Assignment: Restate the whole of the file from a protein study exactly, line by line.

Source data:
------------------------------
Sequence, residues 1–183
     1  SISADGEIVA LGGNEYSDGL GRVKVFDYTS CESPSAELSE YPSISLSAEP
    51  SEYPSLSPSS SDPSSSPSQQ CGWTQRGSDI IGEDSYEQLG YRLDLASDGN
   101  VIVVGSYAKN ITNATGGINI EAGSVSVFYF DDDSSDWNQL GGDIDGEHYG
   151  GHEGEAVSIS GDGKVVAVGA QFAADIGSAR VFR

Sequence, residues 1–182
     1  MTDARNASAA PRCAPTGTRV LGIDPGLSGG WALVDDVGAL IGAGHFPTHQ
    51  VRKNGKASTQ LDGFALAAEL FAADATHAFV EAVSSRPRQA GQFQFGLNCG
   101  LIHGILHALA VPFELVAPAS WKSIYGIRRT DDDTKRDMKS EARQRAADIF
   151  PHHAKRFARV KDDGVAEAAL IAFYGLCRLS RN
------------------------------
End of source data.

Sequence, residues 1–183
     1  SISADGEIVA LGGNEYSDGL GRVKVFDYTS CESPSAELSE YPSISLSAEP
    51  SEYPSLSPSS SDPSSSPSQQ CGWTQRGSDI IGEDSYEQLG YRLDLASDGN
   101  VIVVGSYAKN ITNATGGINI EAGSVSVFYF DDDSSDWNQL GGDIDGEHYG
   151  GHEGEAVSIS GDGKVVAVGA QFAADIGSAR VFR

Sequence, residues 1–182
     1  MTDARNASAA PRCAPTGTRV LGIDPGLSGG WALVDDVGAL IGAGHFPTHQ
    51  VRKNGKASTQ LDGFALAAEL FAADATHAFV EAVSSRPRQA GQFQFGLNCG
   101  LIHGILHALA VPFELVAPAS WKSIYGIRRT DDDTKRDMKS EARQRAADIF
   151  PHHAKRFARV KDDGVAEAAL IAFYGLCRLS RN